13. It is not necessary to linger long over the second submission of the learned counsel for the appellant. Mr. Narula submits that the succession to the Mahantship being from guru to chela, the property of the shebait becomes inalienable. This being so the testator could not have created a trust which bestows authority on the trustees to alienate the Shebait property. As appears from the contents of the will the testator was primarily concerned with the liquidation of the debts which he had incurred. He was anxious that the trustees in whom he had confidence should undertake the task not only of discharging the liability created by his debts but that the future management should be carried on by them. The property of the she bait would have vested in the second defendant who never objected to the appointment of these trustees and in fact there is nothing to suggest that the business of the trust was ever obstructed with the impediment of such an objection before the suit was filed. The first defendant himself performed the duties of the President after the death of his brother though it is stated by him that he was obliged to take over the office of the President as without such an authority there would have been great difficulty in receiving the compensation moneys from the Babawalpur Durbar. Be that as it may, there is abundant evidence to show that the appellant continued to work as the President of the trust right till the end and the second defendant himself was always associated in the working of the trust. The objection, if any, with regard to the competency of the testator to create the trust could have been raised by the second defendant alone.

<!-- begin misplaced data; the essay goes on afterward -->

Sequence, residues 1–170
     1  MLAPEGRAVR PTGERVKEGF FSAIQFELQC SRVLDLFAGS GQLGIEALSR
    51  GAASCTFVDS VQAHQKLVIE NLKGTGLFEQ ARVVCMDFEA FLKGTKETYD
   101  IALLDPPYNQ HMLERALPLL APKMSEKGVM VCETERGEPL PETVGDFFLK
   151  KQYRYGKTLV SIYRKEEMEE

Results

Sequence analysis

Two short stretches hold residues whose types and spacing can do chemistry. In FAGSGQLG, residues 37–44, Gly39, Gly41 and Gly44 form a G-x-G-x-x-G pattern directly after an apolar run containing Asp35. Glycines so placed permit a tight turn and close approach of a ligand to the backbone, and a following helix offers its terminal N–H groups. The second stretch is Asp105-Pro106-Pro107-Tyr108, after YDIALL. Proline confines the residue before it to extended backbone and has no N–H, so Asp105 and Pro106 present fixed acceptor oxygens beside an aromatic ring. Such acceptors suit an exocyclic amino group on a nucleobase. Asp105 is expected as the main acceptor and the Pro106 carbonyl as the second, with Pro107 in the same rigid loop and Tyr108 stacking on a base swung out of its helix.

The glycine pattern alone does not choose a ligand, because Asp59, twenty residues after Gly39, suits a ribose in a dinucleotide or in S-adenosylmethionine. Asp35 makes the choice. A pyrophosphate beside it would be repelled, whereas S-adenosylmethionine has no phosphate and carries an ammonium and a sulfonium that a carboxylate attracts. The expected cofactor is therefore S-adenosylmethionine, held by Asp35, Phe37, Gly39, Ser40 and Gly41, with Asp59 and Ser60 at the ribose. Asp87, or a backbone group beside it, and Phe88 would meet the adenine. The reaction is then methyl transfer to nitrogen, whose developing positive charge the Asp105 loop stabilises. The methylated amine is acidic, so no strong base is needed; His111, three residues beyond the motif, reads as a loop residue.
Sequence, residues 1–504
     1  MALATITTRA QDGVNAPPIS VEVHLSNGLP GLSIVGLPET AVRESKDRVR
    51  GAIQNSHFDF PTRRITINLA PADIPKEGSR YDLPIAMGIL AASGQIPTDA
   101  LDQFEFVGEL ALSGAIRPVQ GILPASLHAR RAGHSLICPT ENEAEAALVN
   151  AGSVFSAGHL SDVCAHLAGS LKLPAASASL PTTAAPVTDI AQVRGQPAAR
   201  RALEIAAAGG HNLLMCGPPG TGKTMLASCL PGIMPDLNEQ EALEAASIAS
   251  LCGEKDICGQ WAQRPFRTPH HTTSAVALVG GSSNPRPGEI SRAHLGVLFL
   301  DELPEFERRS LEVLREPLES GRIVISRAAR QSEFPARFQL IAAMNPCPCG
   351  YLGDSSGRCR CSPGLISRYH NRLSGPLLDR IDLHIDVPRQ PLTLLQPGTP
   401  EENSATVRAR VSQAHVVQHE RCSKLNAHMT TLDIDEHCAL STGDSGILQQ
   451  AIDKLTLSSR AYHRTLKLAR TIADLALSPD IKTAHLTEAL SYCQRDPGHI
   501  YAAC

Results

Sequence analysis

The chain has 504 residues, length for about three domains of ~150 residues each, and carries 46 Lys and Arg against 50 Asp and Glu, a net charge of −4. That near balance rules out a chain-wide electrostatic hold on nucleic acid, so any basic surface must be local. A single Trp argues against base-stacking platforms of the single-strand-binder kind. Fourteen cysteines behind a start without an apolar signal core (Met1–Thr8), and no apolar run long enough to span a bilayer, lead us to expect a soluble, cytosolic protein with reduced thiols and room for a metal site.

As stated by Mulla in his 'Principles of Hindu Law' (12th edition) at page 583, in discussing the position of shebait and mohunt :
'The property of a math, is held by the mohunt as spiritual head of the institution, but the property may by the usage and custom of the institution vest in trustees other than the spiritual head. In any case the property is held solely in trust for the purposes of the institution.'
It was explained by their Lordships of the Privy Council in Arunachallam Chetty v. Venkata-chalapathi Guruswamigal, AIR 1919 PC 62, that the properties of a mutt or asthal may be held by the spiritual head of the institution, or by the 'trustees according to the usage and custom of the institution.' Thus, there is nothing unusual in the properties of the shebait being held by the trustees, for the benefit of the institution. The second defendant, Gosain Jamna Dass, was a natural suc-cessor of Gosain Brij Mohan Dass and he had agreed to his powers being trimmed by the managing committee consisting of the trustees. The first defendant who had acted as a trustee cannot now seek to unsettle the position which has obtained for many years by saying that the trust was invalid from its inception, and its terms are now unenforceable. Many and varied acts have been done by the trustees and no case has been made out to invalidate the activities of the trust on such tenuous grounds as have been raised on behalf of the appellant.